The Colorado Administrative Procedure Act (“Act”) is found in Title 24, Article 4, of the Colorado Revised Statutes. According to C.R.S. 24-4-101.5 state agencies have a responsibility to observe the economic impact of its actions and re-examine the economic impact of its continuing actions to conclude if such actions promote public interest. The section also says that an agency must not regulate or restrict the freedom of any person unless that action benefits public interest and persuade benefits of a free enterprise system for the citizens of Colorado.
C.R.S. 24-4-103 discusses the rule making procedures under the Act. This section is applicable when agencies are permitted by law to make rules. This section is not applicable when agencies interpret rules or make general statements of policy. In an agency’s interpretation of a rule is substantially different from the earlier interpretation, then the office of legislative legal services will review that rule as if it is newly adopted or amended. Agencies must make public announcement of the proposed rule and must provide opportunity to interested persons to submit their views and participate informally in related conferences. At the time of filing notice of proposed rule making before the secretary of state, the secretary requires the agency to submit a draft of the proposed rule also before the executive director in the department of regulatory agencies. The executive director or his/her designee will decide if the proposed rule has some negative impact. If it has some negative impact, then s/he or his/her designee will direct the agency to perform a cost-benefit analysis of that proposed rule. The cost-benefit analysis must include the following:
- reason for the rule or amendment;
- anticipated costs of the rule or amendment;
- anticipated economic benefits of the rule or amendment;
- if the rule or amendment causes any undesirable effect on economy, consumers, private markets, small businesses, job creation, and economic competitiveness;
- at least any two alternatives for the proposed rule or amendment.
After studying the cost-benefit analysis the executive director or his/her assignee will insist the agency to make changes in the rule or amendment so as to reduce the negative impact. Further any documents used by the agency for making the rule or amendment will be considered as a public document and will be open for public inspection. An administrative agency must review each proposed rules and should adopt a rule only if:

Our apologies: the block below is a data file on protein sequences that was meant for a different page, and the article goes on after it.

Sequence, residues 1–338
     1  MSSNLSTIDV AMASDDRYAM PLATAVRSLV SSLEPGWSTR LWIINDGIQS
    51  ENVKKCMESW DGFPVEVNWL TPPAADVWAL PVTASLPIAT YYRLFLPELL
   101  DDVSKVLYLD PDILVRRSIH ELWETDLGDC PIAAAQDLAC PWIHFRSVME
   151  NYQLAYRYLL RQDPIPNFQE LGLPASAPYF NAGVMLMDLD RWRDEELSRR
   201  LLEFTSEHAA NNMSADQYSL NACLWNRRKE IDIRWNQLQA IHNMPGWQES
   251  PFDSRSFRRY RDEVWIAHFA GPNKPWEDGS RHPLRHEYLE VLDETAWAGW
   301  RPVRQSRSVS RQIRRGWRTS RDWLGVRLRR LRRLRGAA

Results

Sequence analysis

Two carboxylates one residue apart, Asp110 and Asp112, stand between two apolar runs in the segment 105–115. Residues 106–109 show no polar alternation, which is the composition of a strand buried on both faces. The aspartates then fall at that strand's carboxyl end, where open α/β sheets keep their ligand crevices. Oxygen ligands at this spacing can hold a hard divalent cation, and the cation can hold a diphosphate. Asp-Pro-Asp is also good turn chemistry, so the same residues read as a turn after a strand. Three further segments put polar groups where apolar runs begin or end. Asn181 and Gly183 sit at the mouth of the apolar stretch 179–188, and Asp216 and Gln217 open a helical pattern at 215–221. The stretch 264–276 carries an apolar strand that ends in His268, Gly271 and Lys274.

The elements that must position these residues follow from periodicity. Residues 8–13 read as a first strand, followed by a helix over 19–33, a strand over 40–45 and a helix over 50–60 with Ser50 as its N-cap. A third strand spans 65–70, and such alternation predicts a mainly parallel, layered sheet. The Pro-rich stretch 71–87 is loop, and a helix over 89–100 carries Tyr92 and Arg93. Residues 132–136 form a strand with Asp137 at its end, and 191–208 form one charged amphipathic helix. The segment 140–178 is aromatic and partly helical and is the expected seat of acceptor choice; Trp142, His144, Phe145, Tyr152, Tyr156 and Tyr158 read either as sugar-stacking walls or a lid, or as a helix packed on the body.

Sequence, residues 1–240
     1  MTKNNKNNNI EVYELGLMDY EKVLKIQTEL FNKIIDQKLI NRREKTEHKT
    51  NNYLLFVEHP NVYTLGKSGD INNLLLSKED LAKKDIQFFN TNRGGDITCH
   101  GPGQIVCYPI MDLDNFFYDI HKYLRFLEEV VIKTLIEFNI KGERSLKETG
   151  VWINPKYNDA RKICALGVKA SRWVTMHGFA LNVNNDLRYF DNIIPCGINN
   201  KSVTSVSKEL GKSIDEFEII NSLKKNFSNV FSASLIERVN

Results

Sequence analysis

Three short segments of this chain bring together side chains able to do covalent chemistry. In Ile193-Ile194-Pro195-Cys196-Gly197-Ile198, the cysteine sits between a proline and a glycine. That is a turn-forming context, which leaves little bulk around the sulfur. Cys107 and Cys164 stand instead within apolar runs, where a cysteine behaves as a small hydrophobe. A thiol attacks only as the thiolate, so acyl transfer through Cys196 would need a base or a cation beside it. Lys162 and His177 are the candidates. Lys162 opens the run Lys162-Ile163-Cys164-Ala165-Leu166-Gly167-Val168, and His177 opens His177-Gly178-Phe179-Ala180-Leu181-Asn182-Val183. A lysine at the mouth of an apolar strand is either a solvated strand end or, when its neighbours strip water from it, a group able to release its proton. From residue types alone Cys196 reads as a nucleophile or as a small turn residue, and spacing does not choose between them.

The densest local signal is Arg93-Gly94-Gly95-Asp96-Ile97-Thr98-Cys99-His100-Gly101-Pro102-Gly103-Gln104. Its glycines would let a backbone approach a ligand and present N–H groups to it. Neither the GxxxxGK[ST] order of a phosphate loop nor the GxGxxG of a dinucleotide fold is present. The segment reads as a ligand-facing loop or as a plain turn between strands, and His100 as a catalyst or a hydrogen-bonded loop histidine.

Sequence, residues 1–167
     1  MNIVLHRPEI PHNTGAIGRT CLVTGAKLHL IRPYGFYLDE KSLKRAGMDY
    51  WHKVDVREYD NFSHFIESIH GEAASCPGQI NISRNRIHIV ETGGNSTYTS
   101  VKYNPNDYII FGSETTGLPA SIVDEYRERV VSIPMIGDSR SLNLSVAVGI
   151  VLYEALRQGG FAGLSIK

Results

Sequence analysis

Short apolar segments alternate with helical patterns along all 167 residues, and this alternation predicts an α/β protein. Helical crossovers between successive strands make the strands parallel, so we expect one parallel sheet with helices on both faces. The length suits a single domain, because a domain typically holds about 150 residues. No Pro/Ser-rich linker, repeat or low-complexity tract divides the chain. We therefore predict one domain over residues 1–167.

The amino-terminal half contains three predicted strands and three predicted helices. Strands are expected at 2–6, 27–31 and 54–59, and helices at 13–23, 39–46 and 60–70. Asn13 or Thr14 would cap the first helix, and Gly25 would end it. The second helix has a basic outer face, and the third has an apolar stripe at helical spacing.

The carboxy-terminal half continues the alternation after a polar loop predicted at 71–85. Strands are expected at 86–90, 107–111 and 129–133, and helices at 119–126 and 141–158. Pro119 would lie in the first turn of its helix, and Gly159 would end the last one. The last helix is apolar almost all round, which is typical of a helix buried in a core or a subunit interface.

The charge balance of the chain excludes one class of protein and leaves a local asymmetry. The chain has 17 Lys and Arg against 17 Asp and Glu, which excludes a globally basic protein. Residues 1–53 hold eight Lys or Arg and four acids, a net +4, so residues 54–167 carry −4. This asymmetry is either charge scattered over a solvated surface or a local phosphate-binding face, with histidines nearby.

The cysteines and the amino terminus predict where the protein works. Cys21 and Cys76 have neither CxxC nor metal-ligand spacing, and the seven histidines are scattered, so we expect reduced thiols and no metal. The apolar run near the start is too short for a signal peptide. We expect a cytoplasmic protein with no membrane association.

- the record of rule-making shows a need for regulation;
- the rule or regulation does not conflict with other provisions of law;
- the regulation is clearly stated and its meaning will be understood by any party;
- proper statutory authority exists for the regulation;
- copying or overlapping of regulations is explained by the agency proposing the rule.
An agency must maintain a rule-making record which contains:
- copies or Colorado register which contains statements related to the concerned rule or the proceedings upon which it is based;
- copies of any portions of agency’s public rule-making docket;
- written lists of all petitions, requests and submissions received by the agency;
- any official transcript of oral presentations made in the proceeding upon which the rule is based;
- a copy of regulatory analysis or cost-benefit analysis;
- copy of the rule and explanatory statement filed in the office of the secretary of state and;
- A copy of any filed executive order with respect to the rule.
C.R.S. 24-4-104 discusses the licensing provisions. According to this section when application for license is made, the agency after considering the rights and privileges of all interested persons, will conduct proceedings in accordance with this article. An agency can also suspend, revoke or modify the license if it finds that the licensee is guilty of deliberate violation of the license provisions or that the public health safety requires immediate action. But revocation or suspension of license could be done only after conducting “full investigation” and after giving proper notice in writing.
According to C.R.S. 24-4-104, an agency action is subject to judicial review. An agency can commence an action before a court of competent jurisdiction for enforcement of its final order, and in such a situation any person aggrieved or adversely affected by agency decision can obtain judicial review of such action. Aggrieved party can also initiate an action for judicial review before the district court.
According to C.R.S. 24-4-107, the Act is applicable to every state agencies having state wide territorial jurisdiction. Agencies in legislative or judicial branches, courts-martial, military commissions, and arbitration and mediation functions are exempted from the scope of this Act. This Act also applies to every other agency specifically referred by any other specific statutes. But if there is conflict between the other specific statute relating to other agency and this Act then the other specific statute will have control over that other agency.